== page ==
The person whom you work with is really important
What is the work of an Executive Chef?
You have to create new desserts, according to the season, which fit the themes of our various venues, restaurants, cafés, tearooms, bars… In addition to Monsieur Alain Ducasse’s three star restaurant, there is great variety: the brasserie “Le Relais Plaza”, “La Galerie”, “La Cour Jardin”, “La Terrasse Montaigne”, “Le Bar du Plaza Athénée”, and the room service.
In addition, we have to create desserts for specific events. For instance: Christmas Yules, Galette des Rois (French Twelfth Night cake), and Easter eggs.
Our quest is for something beautiful, interesting, and delicious that can’t be found elsewhere. It’s easy to make something pretty, but the most important thing is the taste. Making something really delicious requires the technique and experience of a professional.
You work at the ‘Plaza Athénée’ ten days a month, and you do consulting the rest of the time. What does it mean for a pastry chef to be a consultant?
I just returned from Mexico, where I was helping out a French company. Sometimes I propose new products, but often I take the existing products and work on them to make them more delicious and attractive.
This week, for example, I worked on the chocolate cake. It was too sweet and there was something wrong with the texture. We modified the cake, while still keeping its spirit. We changed the texture and decreased the sugar to make it an even better product.
What I really like is when the owner of the place tastes the new version of the product, notices the improvement, and shows his appreciation.
I also give advice to French companies wanting to expand or export overseas.
What are your criteria for accepting a job?
I like to be with people with whom I enjoy working. I’m forty-six and have been in this profession for twenty-seven years, but there are always new challenges and situations where I must start from scratch.
It’s important to find pleasure in your work. If you are happy, you make the client and the hotel management happy.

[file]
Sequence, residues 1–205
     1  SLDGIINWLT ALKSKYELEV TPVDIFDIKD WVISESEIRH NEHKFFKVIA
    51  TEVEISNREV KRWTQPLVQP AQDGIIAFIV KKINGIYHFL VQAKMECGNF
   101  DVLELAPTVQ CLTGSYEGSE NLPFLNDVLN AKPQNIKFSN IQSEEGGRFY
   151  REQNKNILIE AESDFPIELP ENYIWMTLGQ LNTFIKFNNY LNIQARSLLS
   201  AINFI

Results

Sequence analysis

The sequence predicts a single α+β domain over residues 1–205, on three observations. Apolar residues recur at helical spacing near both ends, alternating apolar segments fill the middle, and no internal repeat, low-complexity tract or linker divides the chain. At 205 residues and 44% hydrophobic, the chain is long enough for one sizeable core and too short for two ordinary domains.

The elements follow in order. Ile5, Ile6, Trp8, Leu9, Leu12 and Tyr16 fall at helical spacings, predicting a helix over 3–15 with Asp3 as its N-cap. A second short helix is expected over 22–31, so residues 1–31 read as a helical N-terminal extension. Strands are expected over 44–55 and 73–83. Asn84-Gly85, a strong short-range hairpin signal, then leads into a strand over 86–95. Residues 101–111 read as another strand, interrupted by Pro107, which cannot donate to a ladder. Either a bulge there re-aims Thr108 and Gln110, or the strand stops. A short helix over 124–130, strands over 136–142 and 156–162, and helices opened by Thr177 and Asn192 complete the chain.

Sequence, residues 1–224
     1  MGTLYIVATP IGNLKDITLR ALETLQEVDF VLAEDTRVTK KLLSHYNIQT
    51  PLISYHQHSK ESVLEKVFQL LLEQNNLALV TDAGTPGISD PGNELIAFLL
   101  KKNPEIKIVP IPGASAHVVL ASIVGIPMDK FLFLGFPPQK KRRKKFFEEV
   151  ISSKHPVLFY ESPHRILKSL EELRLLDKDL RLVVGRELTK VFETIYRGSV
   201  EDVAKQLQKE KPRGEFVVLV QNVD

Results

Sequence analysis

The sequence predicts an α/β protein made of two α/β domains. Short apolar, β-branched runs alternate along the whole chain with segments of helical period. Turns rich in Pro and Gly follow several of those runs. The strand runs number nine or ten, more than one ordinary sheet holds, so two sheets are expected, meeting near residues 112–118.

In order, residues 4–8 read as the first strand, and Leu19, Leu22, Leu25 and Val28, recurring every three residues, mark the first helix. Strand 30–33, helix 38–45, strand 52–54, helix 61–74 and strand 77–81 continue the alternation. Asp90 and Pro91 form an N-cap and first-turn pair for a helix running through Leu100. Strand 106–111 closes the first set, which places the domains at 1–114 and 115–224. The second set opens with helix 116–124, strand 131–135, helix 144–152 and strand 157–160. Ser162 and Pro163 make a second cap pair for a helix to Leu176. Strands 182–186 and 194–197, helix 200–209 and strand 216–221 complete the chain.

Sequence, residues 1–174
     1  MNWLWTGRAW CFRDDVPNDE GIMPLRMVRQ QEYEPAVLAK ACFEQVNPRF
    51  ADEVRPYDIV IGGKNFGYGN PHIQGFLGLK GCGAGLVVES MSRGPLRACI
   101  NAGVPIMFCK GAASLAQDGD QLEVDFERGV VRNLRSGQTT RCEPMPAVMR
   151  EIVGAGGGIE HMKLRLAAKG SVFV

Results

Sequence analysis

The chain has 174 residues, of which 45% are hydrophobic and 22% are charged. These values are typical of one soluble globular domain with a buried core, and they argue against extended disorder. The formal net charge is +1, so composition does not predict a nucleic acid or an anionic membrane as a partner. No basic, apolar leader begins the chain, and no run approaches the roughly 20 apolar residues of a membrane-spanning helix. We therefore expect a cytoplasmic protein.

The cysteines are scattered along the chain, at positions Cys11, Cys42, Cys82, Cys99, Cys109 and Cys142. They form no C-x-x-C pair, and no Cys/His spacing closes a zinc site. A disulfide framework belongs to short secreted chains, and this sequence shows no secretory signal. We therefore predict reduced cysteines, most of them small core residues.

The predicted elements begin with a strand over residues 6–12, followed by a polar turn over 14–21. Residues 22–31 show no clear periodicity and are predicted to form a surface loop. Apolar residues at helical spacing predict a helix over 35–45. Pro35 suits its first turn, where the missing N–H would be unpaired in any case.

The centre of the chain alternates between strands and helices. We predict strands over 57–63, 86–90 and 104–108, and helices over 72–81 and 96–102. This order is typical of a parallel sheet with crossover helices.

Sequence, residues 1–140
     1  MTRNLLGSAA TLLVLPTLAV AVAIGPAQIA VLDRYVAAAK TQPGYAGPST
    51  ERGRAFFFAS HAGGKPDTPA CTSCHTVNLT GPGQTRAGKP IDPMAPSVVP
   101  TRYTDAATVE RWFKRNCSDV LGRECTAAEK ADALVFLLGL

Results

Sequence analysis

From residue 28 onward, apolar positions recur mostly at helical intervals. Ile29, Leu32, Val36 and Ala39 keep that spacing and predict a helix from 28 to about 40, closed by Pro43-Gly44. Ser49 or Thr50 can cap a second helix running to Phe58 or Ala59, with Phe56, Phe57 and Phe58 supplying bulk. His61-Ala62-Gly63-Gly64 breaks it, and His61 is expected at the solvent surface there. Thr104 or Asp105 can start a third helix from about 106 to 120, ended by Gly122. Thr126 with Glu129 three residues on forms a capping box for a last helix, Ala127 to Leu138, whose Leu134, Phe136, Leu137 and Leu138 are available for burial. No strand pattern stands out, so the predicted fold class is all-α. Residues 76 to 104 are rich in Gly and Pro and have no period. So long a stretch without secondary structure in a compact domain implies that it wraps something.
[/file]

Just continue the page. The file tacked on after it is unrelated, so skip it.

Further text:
I have to prove to the management that I’m implementing their request, and I have to give the clients what they’re looking for. That’s why it’s really important to appreciate the people you work with.
Great encounters lead to the next stage
‘La Pâtisserie des Rêves’ has been very successful. There are three shops in Paris, plus others in Japan, Milano, and Abu Dhabi. What is the key to success?
First of all, we restyled and modernized the classic French cakes in order to adapt them to today’s tastes. We have reinvented French classics. We start with old favorites, such as the St Honoré cake, the Paris-Brest, the Flan (custard flan), the orange tart, the mocha cake, and the Eclair. Then we make use of all the evolution in our craft – using new materials, new techniques, and the best ingredients – to enhance the product and make it as delicious and as pretty as possible, yet also as simple as possible.
Philippe Conticini, Thierry Teyssier, and I worked as a team. I first got to know him when he was coaching the French team at the Pastry World Championship. Then he introduced me to Thierry Teyssier, and after the opening of ‘La Pâtisserie des Rêves’, we worked together for five years.
That’s how I came to work in Japan. We have been able to expand ‘La Patisserie des Rêves’ to Kyoto and Osaka.
Then I left ‘La Pâtisserie des Rêves’ to go back to work for two years in Metz, in Claude Bourguignon’s (my old mentor) pastry shop. His daughter had just taken over the shop and I went there to help her out.
After that, I worked as a consultant and a lecturer for a while, before being called here this year by Alain Ducasse.
How is it working at ‘Plaza Athénée’?
I’m excited to be facing this new challenge, just like a child having fun baking cakes. I received a very warm welcome and the place is magic. For a pastry chef, this is the very best possible kind of adventure. I love this profession and feel as excited and curious about it as a child – I enjoy every moment of every day.
Aside from ‘La Pâtisserie des Rêves’ didn’t you also have other activities in Japan?
I worked on promotional events for a French chocolate company, Cacao Barry, and I was teaching pastry classes too. The first time I came to Japan was in 2003. After our victory at the Pastry World Championship, Valrhona took the French team on a Japanese tour.
I was thrilled from the beginning and have visited every year since. I would like to have more opportunities to go – if someone were to come forward with a pastry shop project, I probably wouldn’t hesitate.